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Consent, gender inclusivity and porn to be included in revised sex education guidelines in NZ

Five years after the last revision, the Education Ministry has released new relationship and sexuality guidelines for primary and high school students.

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But while the revised direction is being welcomed, there’s concern it won’t be adopted at all. Source: 1 NEWS

The guidelines allow schools to meet the health curriculum but with community input on what students learn being a requirement under the Education Act, there’s no guarantee all students will be taught all of the guidelines.

“Because we're not having these conversations with you, well many of you, are getting your information from what is not a realistic portrayal of a healthy relationship,” Associate Education Minister Tracey Martin told Onslow College students at the announcement of the new guidelines today in Wellington.

The Education Review Office stated after a 2017 evaluation that while biology and puberty was well covered, teaching of consent, healthy relationships and the impact of social media and pornography needed be covered in more detail.

The new guidelines have a focus on those areas, as well as gender inclusivity, sexuality guidance for Māori, Pasifika and disabled students and guidance on how to make schools inclusive.

The guidance includes unisex toilets, not separating class activities into groups based on “boys” and “girls” and including gender-neutral uniform options.

In 2018, the Education Review Office reported less than a fifth of schools taught sexuality education very well and the curriculum was being delivered inconsistently.

Onslow College Student Fiona Bogunovic said sexuality classes needed to include more about sexuality for non-heterosexual people.

“It becomes easier to take that sexual education from other sources like the Internet and that can sometimes be unreliable,” she said.

“Issues around transgender people, I think that's an issue that wasn’t really covered in our curriculum,” fellow student Sam Grantham said.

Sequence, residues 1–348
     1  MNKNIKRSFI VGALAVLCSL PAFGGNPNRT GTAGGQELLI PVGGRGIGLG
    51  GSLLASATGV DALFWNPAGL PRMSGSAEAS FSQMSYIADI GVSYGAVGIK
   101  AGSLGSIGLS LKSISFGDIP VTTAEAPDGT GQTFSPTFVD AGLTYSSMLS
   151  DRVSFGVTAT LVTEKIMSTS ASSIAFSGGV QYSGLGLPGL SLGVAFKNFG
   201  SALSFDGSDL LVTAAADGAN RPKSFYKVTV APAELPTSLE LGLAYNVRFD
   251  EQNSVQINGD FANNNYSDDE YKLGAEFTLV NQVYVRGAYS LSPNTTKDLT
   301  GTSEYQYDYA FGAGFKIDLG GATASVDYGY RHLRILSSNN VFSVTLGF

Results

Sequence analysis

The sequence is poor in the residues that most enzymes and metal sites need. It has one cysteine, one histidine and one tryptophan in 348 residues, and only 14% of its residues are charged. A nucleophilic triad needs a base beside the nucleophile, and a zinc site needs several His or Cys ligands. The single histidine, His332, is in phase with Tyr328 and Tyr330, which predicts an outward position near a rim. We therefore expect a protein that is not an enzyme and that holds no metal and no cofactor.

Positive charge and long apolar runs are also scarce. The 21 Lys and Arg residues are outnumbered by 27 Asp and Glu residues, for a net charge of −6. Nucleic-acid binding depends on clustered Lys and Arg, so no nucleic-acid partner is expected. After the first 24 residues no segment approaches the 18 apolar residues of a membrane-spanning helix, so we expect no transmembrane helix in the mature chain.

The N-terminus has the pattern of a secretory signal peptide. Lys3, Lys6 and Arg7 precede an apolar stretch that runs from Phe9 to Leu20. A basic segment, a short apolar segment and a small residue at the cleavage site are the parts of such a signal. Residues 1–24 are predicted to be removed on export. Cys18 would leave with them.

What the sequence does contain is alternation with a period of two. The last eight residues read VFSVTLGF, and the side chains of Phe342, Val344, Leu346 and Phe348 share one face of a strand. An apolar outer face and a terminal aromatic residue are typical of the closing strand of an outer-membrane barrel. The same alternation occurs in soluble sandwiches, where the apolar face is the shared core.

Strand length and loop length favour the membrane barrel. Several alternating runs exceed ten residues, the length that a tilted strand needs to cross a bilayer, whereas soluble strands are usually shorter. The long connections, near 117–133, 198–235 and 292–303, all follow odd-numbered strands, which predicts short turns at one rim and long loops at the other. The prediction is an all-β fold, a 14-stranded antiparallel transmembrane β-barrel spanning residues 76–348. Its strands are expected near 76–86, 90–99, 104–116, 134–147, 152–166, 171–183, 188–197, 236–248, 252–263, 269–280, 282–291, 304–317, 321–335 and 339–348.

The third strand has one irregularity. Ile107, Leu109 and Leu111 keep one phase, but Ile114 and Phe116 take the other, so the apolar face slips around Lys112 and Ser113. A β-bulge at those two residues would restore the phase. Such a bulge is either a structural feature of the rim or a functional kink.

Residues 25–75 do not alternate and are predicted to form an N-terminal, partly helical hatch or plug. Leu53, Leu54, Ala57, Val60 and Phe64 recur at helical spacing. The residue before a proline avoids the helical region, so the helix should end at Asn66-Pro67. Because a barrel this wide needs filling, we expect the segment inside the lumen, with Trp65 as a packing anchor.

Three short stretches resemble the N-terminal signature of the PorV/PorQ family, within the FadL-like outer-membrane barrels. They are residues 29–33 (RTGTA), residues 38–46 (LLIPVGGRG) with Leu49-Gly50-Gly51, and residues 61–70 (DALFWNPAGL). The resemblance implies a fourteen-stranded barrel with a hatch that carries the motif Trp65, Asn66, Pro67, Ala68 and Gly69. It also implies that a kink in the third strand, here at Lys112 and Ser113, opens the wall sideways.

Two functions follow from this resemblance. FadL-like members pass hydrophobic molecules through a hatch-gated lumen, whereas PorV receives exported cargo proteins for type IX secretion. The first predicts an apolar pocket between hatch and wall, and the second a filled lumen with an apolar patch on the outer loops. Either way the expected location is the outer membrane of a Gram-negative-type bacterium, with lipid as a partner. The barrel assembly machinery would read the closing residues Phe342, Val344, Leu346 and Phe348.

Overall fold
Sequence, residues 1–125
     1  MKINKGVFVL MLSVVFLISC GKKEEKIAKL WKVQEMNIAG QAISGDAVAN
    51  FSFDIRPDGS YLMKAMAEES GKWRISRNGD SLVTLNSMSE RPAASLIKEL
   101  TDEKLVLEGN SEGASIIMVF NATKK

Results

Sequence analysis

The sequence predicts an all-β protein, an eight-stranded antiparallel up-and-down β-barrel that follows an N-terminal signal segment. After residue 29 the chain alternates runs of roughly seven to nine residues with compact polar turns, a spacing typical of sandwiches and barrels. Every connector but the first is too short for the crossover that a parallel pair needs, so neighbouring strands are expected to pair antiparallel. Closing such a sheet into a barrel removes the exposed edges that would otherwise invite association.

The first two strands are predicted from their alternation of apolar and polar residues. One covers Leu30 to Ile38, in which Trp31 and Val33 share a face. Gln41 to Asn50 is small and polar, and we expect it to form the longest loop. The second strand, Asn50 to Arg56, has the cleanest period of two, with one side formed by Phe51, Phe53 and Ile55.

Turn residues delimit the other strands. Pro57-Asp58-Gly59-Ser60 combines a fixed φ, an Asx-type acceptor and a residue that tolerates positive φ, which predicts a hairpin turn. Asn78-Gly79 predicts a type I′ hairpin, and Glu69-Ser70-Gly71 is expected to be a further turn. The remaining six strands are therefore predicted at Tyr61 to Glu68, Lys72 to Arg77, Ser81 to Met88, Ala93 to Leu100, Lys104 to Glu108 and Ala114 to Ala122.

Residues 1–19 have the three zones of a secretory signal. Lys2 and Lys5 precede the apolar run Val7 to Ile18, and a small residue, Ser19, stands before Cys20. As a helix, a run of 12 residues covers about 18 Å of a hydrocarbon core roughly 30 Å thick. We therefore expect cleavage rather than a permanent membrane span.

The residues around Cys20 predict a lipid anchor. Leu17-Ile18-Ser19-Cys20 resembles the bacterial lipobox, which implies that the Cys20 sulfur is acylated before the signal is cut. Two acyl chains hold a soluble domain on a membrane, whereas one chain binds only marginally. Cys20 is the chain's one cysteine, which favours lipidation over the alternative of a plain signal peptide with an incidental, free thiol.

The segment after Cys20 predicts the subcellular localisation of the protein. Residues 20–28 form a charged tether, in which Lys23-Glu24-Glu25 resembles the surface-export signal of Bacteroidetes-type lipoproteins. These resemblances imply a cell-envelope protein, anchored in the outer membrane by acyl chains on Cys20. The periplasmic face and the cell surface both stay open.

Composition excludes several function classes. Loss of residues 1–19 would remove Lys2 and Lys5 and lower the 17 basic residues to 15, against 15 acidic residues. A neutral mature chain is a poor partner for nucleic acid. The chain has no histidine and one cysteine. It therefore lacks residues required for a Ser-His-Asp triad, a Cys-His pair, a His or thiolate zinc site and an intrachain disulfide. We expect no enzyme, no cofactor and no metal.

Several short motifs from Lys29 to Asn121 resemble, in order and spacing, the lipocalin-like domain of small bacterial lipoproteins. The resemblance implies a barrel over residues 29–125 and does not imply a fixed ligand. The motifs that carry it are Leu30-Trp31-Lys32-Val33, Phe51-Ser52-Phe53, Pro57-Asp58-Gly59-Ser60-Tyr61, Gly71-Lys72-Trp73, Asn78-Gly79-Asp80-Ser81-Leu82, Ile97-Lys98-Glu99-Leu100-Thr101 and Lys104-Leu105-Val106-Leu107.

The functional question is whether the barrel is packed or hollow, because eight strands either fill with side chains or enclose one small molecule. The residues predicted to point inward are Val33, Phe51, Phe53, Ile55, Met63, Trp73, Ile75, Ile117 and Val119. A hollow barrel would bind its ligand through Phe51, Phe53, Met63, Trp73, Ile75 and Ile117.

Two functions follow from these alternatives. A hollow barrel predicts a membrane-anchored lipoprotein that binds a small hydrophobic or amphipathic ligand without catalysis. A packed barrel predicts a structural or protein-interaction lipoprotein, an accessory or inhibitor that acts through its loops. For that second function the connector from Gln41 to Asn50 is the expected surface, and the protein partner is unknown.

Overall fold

Simon Armstrong said what was taught when he received sexuality education at the college was “very much about how confident the teachers felt at the time”.

Principal Sheena Millar welcomed the new guidelines and said all schools can improve their inclusivity and sexuality education.

“Society changes and students change and we need to be prepared to change with them and grow with them and learn from them,” Millar said.

Family Planning chief executive Jackie Edmond also welcomed the guidelines but said without being compulsory, young people will continue to not be well-served.

"My worry is that it's close to 20 years since we first developed guidelines and we've had no meaningful change since then," she said in a statement.

"The guidelines are an important document providing schools with certainty and surety in this curriculum area. However, unless they are fully and nationally implemented and teachers and school leaders are provided with professional development and other support, we won’t see progress."

Association of Proprietors of Integrated Schools chief executive Paul Ferris said it's important the community has input with the guidelines.

"If you want people to engage in something, they need to have some part in fleshing it out and making it work, but they mustn't be able to diminish the message which is to make young people safe," he said.

Ferris said separating students by gender during sexuality classes should always be a decision for the community, and is one that Pasifika and some Christian communities agree with.

"I don't think the Government expects this to be adopted tomorrow. I think what the Government is saying is, 'Here's the blueprint for where we go from'... I'd say four to five years before this becomes absolutely embedded through teacher training and support," he said.

Hard copies will be sent to schools next term and Education Ministry curriculum lead staff members will be available from Term 2, 2021 to support schools with making changes and consulting with the community.